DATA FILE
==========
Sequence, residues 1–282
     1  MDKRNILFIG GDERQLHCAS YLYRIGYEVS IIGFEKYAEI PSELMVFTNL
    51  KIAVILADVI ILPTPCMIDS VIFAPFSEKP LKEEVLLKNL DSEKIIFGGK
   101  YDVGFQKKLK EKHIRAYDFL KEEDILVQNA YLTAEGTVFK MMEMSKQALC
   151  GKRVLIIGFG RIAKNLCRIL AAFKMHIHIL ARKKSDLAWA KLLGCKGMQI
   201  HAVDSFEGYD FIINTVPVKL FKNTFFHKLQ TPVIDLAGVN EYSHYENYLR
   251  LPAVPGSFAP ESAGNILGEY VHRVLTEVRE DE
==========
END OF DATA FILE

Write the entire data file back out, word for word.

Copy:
Sequence, residues 1–282
     1  MDKRNILFIG GDERQLHCAS YLYRIGYEVS IIGFEKYAEI PSELMVFTNL
    51  KIAVILADVI ILPTPCMIDS VIFAPFSEKP LKEEVLLKNL DSEKIIFGGK
   101  YDVGFQKKLK EKHIRAYDFL KEEDILVQNA YLTAEGTVFK MMEMSKQALC
   151  GKRVLIIGFG RIAKNLCRIL AAFKMHIHIL ARKKSDLAWA KLLGCKGMQI
   201  HAVDSFEGYD FIINTVPVKL FKNTFFHKLQ TPVIDLAGVN EYSHYENYLR
   251  LPAVPGSFAP ESAGNILGEY VHRVLTEVRE DE